Thursday, April 25, 2013

Elections

    Earlier this week, senior Senator Max Baucus (D-MT) announced that he will not be seeking reelection in 2014.  More and more legislators have opted for retirement in the past few months-  Baucus's being the most recent and it comes within a week of his "no" vote on the Manchin-Toomey bill to expand federal background checks for firearms.  Is there a connection between the two?  While this question may be difficult to answer, his retirement left me pondering about the upcoming mid-term elections and how important they are.
     Democrats have announced they will defend Baucus's seat in Montana.  So far, there is speculation former Montana Governor Brian Schweitzer will run for the seat.  Each seat is a battle for the majority in our bicameral congress and this seat is no exception.  These seats are important for partisan advantage which is why Democrats are so adamant in keeping it.  Montana is a more conservative region and they are hoping to hold on to their majority in the senate. 
     There are many election methods utilized by both parties to hold on to these precious seats.  One of the most effective and deceptive are scare tactics.  While some stray away from the truth such as the NRA's campaign against the recent gun legislation (expanding background checks will lead to a federal data base of gun owners), some prove to be informative and partisan based.  For example, during the 2010 midterm elections US News reports that Democrats, in campaign ads, vowed to protect Social Security benefits for seniors.  They tried to remind voters of the Bush era idea of privatizing Social Security.  The Republicans touted Democrats as big spenders and proponents of big government.  They also tried to scare people with the threat of tax increases imposed by Democrats.  This is a perfect example of half-hearted fibs.  The tax increases Republicans were referring to were to be imposed on the top percent of earners - not the "common man."  They also tried to accuse Democrats as being soft on immigration and border security.  Despite the fact that some scare tactics fall short of the truth, it is a very effective method of campaigning and appeasing partisan lines.  It is a way to express issues and define where a candidate stands but can be dangerous if it is intended to hoodwink American voters with false claims.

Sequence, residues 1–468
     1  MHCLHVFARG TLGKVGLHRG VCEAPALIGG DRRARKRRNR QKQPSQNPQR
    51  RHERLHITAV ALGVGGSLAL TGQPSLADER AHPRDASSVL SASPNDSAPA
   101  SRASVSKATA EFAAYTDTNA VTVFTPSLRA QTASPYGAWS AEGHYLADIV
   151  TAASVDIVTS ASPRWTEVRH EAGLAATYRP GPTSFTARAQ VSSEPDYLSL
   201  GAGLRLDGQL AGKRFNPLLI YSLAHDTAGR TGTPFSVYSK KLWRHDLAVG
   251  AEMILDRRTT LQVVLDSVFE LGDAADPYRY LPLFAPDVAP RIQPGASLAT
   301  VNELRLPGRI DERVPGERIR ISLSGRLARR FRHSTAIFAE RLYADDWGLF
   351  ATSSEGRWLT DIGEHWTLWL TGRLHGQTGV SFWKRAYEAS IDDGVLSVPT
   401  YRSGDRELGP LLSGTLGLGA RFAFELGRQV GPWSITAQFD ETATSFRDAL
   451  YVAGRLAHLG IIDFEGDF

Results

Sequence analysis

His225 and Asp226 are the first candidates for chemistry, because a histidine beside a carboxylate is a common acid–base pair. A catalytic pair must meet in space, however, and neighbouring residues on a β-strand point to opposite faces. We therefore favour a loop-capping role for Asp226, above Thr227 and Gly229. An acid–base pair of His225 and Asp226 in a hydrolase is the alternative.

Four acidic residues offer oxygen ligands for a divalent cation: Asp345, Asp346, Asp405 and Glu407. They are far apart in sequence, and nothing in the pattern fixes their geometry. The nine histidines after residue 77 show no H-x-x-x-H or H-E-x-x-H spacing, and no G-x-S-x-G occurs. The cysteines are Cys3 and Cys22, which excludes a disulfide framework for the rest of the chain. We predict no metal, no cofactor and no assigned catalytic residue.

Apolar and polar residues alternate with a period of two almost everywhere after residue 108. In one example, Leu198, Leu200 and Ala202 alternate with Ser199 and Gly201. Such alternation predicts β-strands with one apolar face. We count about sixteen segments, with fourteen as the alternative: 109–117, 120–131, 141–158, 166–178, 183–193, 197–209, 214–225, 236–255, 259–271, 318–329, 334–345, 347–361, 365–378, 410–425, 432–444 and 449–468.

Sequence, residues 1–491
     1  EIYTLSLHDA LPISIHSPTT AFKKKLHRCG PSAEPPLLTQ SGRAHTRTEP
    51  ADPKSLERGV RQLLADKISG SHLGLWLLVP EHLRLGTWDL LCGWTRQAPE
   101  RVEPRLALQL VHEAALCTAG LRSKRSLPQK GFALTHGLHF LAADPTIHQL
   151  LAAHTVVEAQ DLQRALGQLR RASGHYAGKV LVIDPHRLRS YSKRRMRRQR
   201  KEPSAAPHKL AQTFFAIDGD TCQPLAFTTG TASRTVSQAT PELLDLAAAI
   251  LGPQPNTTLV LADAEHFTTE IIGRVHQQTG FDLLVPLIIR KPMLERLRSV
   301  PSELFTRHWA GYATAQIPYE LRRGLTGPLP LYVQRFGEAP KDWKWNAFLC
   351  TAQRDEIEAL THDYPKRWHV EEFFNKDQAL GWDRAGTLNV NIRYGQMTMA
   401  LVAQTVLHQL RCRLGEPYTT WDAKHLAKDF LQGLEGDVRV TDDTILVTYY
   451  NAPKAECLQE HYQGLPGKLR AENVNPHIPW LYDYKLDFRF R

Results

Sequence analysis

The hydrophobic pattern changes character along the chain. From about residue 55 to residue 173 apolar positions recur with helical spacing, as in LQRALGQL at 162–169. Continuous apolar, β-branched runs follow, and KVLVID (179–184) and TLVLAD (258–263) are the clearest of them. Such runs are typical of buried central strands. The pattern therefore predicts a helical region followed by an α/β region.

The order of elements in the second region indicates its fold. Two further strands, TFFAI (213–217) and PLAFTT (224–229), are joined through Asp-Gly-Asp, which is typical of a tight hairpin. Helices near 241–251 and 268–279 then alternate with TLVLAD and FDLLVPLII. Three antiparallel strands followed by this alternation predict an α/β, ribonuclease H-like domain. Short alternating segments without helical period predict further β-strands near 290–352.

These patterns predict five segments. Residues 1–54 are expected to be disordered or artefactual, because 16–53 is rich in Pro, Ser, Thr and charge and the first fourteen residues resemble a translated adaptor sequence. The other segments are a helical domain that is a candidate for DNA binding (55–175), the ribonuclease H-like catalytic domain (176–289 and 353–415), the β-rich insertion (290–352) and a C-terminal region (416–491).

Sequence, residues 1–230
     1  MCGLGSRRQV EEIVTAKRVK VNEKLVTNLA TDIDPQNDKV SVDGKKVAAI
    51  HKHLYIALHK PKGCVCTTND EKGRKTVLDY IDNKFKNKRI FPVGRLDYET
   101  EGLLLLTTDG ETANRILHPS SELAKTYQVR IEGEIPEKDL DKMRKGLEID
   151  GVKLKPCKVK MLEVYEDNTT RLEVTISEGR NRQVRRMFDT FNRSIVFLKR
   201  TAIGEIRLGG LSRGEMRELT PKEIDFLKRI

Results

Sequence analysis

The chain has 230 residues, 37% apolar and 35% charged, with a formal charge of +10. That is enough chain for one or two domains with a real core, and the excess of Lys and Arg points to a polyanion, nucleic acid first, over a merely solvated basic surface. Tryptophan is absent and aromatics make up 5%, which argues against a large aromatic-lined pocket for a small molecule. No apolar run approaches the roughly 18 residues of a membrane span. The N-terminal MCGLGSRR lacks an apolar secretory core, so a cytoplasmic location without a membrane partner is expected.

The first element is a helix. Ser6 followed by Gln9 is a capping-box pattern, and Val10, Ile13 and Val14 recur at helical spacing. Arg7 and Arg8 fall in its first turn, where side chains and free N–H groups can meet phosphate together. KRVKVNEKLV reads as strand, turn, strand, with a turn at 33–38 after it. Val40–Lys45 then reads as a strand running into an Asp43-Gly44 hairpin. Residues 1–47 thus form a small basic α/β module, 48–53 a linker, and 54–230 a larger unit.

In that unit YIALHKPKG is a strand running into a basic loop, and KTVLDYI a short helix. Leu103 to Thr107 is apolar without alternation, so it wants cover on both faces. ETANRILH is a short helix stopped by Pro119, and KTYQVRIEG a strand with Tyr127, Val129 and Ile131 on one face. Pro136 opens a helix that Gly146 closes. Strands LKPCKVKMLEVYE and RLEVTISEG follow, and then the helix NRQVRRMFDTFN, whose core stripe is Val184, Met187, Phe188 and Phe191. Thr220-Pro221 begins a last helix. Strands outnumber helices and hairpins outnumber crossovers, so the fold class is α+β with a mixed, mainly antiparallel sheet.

Another aspect of the upcoming elections to be wary about is one-issue elections.  Certain issues can drive an entire election cycle and have been the root of victories in some cases.  For example, Jesse Jackson Jr.'s Illinois congressional seat.  In the Democratic primary, New York Mayor Michael Bloomberg's Super PAC poured an astonishing $2.2 million dollars against former congresswoman Debbie Halvorson reports Politico.  In previous elections, Halvorson championed her "A" rating from the NRA as a positive.  In past elections, that was a plus for a Democrat to gain votes from more conservative voters but her challenger (and winner of the primary) Robin Kelly used this against her.  Kelly used the popular rhetoric of the times to her advantage, virtually making the primary boil down to one issue.  In the end it paid off and she has now moved on to face her Republican challenger.
     The 2012 Presidential election, for all intents and purposes, was a one issue election focused on the economy.  Despite having debates strictly aimed at discussing foreign policy agendas, each candidate did not shy away from mentioning our economy and quips regarding remedies.  Voters were most concerned with the economy and it was the driving issue for most of the campaign cycle.
     Robin Kelly used hot button issues of the present to her advantage.  Currently in Massachusetts, Congressman Ed Markey is following suit in ads for his run for the senate noting he is backed by Planned Parenthood in the hopes of stealing votes from an entire demographic away from his challengers.  Many politicians try to harness these hot button issues to sway entire demographics to their side and alienate their challengers.  Gun control is without a doubt the biggest issue today and it will be interesting to see how each side approaches it.  Those on the left will attack individuals with "A" ratings from the NRA and those who have voted favorably for the gun lobby while those on the right will bill themselves as protectors of the Constitution and your "God-given right" to bear arms.
    The last mid-term election gave birth to the Tea Party.  I am interested to see how the announcement of several senators' retirements will affect the balance of power in congress and how each party will fight tooth and nail to defend those seats in order to maintain their precious power and influence in the legislature.          

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